Suggested listening – U2 on YouTube
Bono’s first monologue
On the Black Eyed Peas:
Says they’re “true pioneers from space” and “Xena meets Parliament/Funkadelic”. Oh, I see. Irrelevant past meets unrealistic future.
On the band being in Hollywood:
Larry Mullen Jr. is U2’s James Dean. Adam Clayton is Rhett Butler/Clark Gable because “Frankly, my dear, he doesn’t give a damn.” Edge is a visitor from outer space, or “Every good movie needs an evil scientist.” He’s also Mr. Spock, apparently. Bono proclaims he’s “somewhere between Schwartzneggar and Danny Devito, with a little Dennis Hopper.”
Ugh, my God. He still thinks Hollywood makes movies, and not reality shows
Still Haven’t Found What I’m Looking For – No power. I miss the Harlem choir. I miss my faith in the band, in the song, in the language. The crowd takes over, but I’d describe it as half-heartedly. The sound guy boosts the crowd in the mix. The band takes over again. The Edge harmonizes. Bono says “Take it to church.” There’s no religion here. Only cold science and empty space. Bono gives a shout-out to Buzz Aldin, for fuck’s sakes. Looks great, though.
Stand by Me – Edge can’t match Bono’s (or the crowd’s) tempo. He just drops out at the end. It’s cinematic like a bedroom webcam singalong. How appropriate for YouTube.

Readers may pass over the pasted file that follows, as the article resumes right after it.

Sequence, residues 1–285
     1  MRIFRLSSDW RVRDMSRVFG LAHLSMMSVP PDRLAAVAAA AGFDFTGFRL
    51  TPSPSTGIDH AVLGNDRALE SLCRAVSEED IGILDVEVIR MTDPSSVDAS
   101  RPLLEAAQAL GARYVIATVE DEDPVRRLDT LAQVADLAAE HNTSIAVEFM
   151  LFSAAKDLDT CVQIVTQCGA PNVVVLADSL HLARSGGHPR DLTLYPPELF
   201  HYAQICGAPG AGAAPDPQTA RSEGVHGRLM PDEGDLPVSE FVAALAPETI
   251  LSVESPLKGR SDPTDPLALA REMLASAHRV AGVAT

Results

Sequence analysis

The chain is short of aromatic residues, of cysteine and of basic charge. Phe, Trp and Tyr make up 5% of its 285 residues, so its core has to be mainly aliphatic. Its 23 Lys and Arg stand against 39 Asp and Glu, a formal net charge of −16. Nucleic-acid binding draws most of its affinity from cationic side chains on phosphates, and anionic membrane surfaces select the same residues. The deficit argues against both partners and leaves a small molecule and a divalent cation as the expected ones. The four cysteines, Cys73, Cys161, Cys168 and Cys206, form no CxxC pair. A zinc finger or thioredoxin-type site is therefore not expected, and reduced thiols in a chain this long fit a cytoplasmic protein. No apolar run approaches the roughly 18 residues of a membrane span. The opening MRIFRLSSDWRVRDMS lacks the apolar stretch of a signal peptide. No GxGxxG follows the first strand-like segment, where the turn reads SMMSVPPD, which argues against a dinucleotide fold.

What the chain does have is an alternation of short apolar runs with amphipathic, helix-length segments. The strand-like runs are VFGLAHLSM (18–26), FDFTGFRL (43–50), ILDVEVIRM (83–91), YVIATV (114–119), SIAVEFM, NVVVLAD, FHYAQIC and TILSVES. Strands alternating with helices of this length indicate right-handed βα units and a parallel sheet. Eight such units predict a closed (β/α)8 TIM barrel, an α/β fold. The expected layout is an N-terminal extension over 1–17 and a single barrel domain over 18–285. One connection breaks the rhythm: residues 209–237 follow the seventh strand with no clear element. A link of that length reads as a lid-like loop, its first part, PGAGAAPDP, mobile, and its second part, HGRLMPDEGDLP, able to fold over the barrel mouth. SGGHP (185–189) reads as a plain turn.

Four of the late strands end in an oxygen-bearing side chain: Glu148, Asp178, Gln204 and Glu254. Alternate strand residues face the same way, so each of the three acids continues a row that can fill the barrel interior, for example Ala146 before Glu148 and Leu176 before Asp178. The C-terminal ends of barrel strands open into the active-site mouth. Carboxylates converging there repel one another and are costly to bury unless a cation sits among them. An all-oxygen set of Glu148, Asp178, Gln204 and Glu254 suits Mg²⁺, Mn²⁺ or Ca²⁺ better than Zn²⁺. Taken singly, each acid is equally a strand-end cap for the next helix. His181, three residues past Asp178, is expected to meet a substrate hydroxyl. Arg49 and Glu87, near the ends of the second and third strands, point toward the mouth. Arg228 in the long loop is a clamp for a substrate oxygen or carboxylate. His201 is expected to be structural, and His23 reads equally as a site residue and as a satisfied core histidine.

Stuck in a Moment – Acoustic. The song never hit me much before. Maybe I was too young for 9/11. That Tuesday afternoon, I came home from school, and my neighbour was blabbering about how someone “bombed the Pentagon.” I didn’t understand what he even meant until later that night. As for the song: this time it’s raw and broken. When I close my eyes (it’s 1:30 a.m. at this point), the song is powerful. I open them to take in what the band wants me to see, and I see Bono stalking the camera like Springsteen crotching at the Superbowl. The song makes me think about the irony of our generation. The innovators are 50-year-old musicians talking about space as if Bowie never existed. I guess the future is where the cash will be, cause the soul’s mostly gone.
No Line on the Horizon – “We got a spaceship.” Bono pretends to play the guitar again. I never mind his little charade, because he straddles it the way a 1970s rhinestone cowboy rides a horse. It’s a prop to bolster the myth.
I’m starting to get bored at this point. Details may drop off ‘cause I’m gonna try to focus. Maybe it’s my doubts and cynicism taking away from the experience. Like a little scientist, I’m going to try to be careful with contamination.
Elevation – “Ready to get off the ground? Liftoff? Going up?” Bowie wasn’t this far ahead of his time. This is irrelevant. No one believes in space anymore. We barely believe in Earth. Bono doesn’t ask “Do you believe in me?”, like he usually does at the end of the bridge. That’s a good thing. “Going up!” he says as the music scales down.
After the song punches out, Bono grunts, almost post-orgasm. I think they’ve blown their load long ago.
Show Comments (0)